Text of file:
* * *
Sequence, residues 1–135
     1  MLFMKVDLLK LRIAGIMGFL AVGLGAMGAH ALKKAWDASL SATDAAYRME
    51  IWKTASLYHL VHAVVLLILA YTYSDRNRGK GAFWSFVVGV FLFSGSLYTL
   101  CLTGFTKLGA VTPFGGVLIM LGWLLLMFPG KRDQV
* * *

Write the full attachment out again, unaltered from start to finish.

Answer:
Sequence, residues 1–135
     1  MLFMKVDLLK LRIAGIMGFL AVGLGAMGAH ALKKAWDASL SATDAAYRME
    51  IWKTASLYHL VHAVVLLILA YTYSDRNRGK GAFWSFVVGV FLFSGSLYTL
   101  CLTGFTKLGA VTPFGGVLIM LGWLLLMFPG KRDQV